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Private Sector Resources

Public-Private Partnership Workshops

In 2008 and 2009, FTA and the National Council of Public-Private Partnerships (NCPPP) held seven workshops across the country to introduce, educate, and provide information on public-private partnerships (PPPs) to public and private sector actors. The workshops also provided a common place to bring together interested parties, identify barriers to PPPs, present case studies of PPP projects, and share best practices in the industry. Visit the NCPPP workshop presentations.

PPP Model Contracts

FTA Third Party Contracting Guidance

FTA’s guidance to grantees on private sector participation is contained in its Third Party Contracting Guidance (FTA Circular 4420.1F), which provides contracting and procurement guidance for recipients of Federal assistance awarded by FTA when using that Federal assistance to finance its procurement (third party contracts). The Circular also promotes private sector participation by simplifying project implementation by analyzing procurement plans.

FTA Capital Investment Program Guidance

FTA’s guidance to grantees on private sector participation is also contained in its Capital Investment Program Guidance and Application Instructions (FTA Circular 9300.1B). This circular addresses the grants that assist state and local government authorities in financing capital projects for buses, bus facilities, fixed guideway modernization, new fixed guideway systems, and the development of corridors to support new fixed guideway systems. Several items in the circular address private sector participation directly, such as:

  • Innovative Finance – When integral to a capital investment project, Section 5309 funds may be used to pay for costs incurred to secure or initiate an innovative financing technique. However, that eligible cost may not be more than the cost of the most favorable financing terms reasonably available at the time of borrowing.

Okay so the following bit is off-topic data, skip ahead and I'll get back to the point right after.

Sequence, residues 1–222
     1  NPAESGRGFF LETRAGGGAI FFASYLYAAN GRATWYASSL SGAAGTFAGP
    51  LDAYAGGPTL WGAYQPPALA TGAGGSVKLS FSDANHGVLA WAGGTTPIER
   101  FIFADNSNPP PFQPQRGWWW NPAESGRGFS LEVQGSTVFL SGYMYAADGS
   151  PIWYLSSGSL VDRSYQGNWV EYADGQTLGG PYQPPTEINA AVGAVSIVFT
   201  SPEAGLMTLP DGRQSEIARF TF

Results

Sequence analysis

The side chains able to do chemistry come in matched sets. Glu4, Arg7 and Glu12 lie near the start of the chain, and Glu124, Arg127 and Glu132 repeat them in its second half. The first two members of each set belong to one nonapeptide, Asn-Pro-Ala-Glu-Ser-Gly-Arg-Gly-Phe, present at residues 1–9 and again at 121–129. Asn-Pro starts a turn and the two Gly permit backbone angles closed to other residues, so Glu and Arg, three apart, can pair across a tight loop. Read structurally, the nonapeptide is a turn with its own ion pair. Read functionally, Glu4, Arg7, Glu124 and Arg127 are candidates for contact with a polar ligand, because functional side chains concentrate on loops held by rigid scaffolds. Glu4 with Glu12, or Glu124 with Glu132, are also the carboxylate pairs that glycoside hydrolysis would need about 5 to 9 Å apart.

• Capital Cost of Contracting – When grantees contract for services, FTA will provide assistance with the capital consumed in the course of the contract.
  • Private Sector Participation – Federal law requires the public to be involved in the transportation planning process, and specifically requires that private providers be provided an opportunity to be consulted in developing transportation plans and programs in both urbanized and rural areas.

Public-Private Partnership Pilot Program (Penta-P)

Authorized in Section 3011(c) of the Safe, Accountable, Flexible, Efficient, Transportation Act (SAFETEA-LU), FTA initiated the Public-Private Partnership Pilot Program (Penta-P) to explore the advantages and disadvantages of PPPs for new fixed guideway capital projects in 2007. Designed to reduce time and costs associated with the New Starts program, FTA selected three pilot projects to study whether PPPs were more efficient and economical in delivering projects and how risk sharing was integrated with project development, engineering, construction, operation, and maintenance functions. BART's Oakland Airport Connector, Houston's North and Southeast Corridor BRT, and the Denver Eagle projects were selected as pilot projects; the Denver Eagle project is expected to begin revenue service in 2016.

As part of the SAFETEA-LU statutory requirements, FTA issued a report to Congress on the Costs, Benefits, and Efficiencies of Public-Private Partnerships for Fixed Guideway Capital Projects in 2007, which provides an overview of the implications of using PPPs, as well as an analysis of the legal and institutional issues associated with implementing PPPs for transit projects.

Turnkey Demonstration Program

Authorized in Section 3019 of the Intermodal Surface Transportation Efficiency Act (ISTEA) in 1991, the Turnkey Demonstration program required FTA to solicit a project to demonstrate the application of turnkey contracting practices in the development of major capital projects. The goal of the program was to improve project delivery efficiency for three interrelated aspects: development and funding (including environmental compliance), project management, and financing (including risk). The turnkey procurement method involves the consolidation of several contracting and functional roles — traditionally the responsibility of numerous contracting entities — under the umbrella of a single design-build or design-build/operate and maintain contract. For more information, see the Lessons Learned: Turnkey Applications in the Transit Industry report.